CLIMATE CHANGE AND DRAMA: THE YOUTH LEARNING ABOUT AND RESPONDING TO CLIMATE CHANGE ISSUES THROUGH DRAMA

Lindie Buirski

Abstract


Mobilising cultural practitioners to promote understanding of climate change is important for public engagement, in particular for young learners and children. Over the past six years, interest in the 'science' of communicating climate change has flourished in South Africa. Psychologists, social workers, schools and the city of Cape Town, through the Department of Environment, have been united in the quest for systematic, reliable evidence with which to promote sustainable behaviour. They have been mobilising cultural and creative resources among young learners regardless of their race and ethnicities to enhance the general public engagement with climate change. To take one topical example, Yes Festival is an annual event that adopts the idea of "creativity versus climate change." The invisible nature of climate change is rendered real through everyday stories, performances, and simple yet authentic ideas through children and school teachers to create a positive social norm. Typically, the challenge of climate change communication is thought to require systematic evidence about public attitudes, sophisticated models of behaviour change and the rigorous application of social scientific research. All of this is true, but it is human stories, creative plays not carbon targets that capture children's attention. The science of climate change communication is essential to engage people's minds, but the art of engaging people's imagination may be just as important.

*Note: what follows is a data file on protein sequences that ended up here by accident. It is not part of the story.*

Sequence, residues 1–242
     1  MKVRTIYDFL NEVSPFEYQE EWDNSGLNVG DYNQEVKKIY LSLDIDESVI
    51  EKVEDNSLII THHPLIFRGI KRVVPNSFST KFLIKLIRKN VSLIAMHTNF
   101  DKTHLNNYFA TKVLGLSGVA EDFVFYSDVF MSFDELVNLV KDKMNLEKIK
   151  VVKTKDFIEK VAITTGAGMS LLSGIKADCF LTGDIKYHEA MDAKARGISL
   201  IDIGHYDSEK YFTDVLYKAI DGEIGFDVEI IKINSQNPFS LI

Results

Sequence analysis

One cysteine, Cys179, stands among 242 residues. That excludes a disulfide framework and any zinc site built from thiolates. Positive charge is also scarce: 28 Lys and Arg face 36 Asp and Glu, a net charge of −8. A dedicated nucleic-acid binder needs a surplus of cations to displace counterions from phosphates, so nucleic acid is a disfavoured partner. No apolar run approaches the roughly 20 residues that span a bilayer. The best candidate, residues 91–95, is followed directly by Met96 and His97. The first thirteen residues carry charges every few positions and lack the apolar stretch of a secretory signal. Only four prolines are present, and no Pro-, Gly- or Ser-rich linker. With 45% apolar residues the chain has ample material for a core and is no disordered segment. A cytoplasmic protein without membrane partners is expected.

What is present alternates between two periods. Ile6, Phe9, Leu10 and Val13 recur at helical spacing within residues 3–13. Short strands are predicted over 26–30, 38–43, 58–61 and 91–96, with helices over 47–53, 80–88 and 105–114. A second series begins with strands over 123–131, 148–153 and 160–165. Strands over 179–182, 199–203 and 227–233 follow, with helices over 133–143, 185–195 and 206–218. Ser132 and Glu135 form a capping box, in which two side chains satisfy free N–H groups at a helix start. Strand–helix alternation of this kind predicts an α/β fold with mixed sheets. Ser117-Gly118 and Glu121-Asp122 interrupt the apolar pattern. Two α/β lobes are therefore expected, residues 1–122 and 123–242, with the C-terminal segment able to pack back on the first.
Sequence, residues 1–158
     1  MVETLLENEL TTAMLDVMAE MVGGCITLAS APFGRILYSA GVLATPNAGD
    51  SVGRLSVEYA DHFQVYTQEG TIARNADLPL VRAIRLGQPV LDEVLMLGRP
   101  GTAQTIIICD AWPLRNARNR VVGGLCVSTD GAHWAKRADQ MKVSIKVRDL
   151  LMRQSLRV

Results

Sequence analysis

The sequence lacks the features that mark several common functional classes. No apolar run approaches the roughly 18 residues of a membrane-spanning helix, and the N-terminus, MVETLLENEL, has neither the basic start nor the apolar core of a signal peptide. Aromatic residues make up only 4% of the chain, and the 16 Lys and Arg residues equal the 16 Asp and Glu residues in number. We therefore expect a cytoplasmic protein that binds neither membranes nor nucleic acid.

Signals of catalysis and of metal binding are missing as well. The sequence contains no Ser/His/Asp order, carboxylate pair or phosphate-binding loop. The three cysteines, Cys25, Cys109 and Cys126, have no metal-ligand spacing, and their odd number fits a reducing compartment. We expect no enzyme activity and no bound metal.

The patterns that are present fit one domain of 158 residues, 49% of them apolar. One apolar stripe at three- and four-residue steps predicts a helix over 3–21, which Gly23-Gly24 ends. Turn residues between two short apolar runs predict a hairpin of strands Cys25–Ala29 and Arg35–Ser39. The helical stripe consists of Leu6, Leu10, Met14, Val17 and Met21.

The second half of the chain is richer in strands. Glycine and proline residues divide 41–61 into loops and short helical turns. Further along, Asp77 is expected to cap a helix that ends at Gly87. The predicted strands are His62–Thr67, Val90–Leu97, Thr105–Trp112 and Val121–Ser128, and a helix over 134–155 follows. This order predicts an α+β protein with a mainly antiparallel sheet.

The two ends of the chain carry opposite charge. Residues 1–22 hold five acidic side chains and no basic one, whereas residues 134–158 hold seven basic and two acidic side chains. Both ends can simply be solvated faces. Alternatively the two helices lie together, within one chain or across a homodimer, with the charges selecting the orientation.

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DOI: https://doi.org/10.5789/7-1-124

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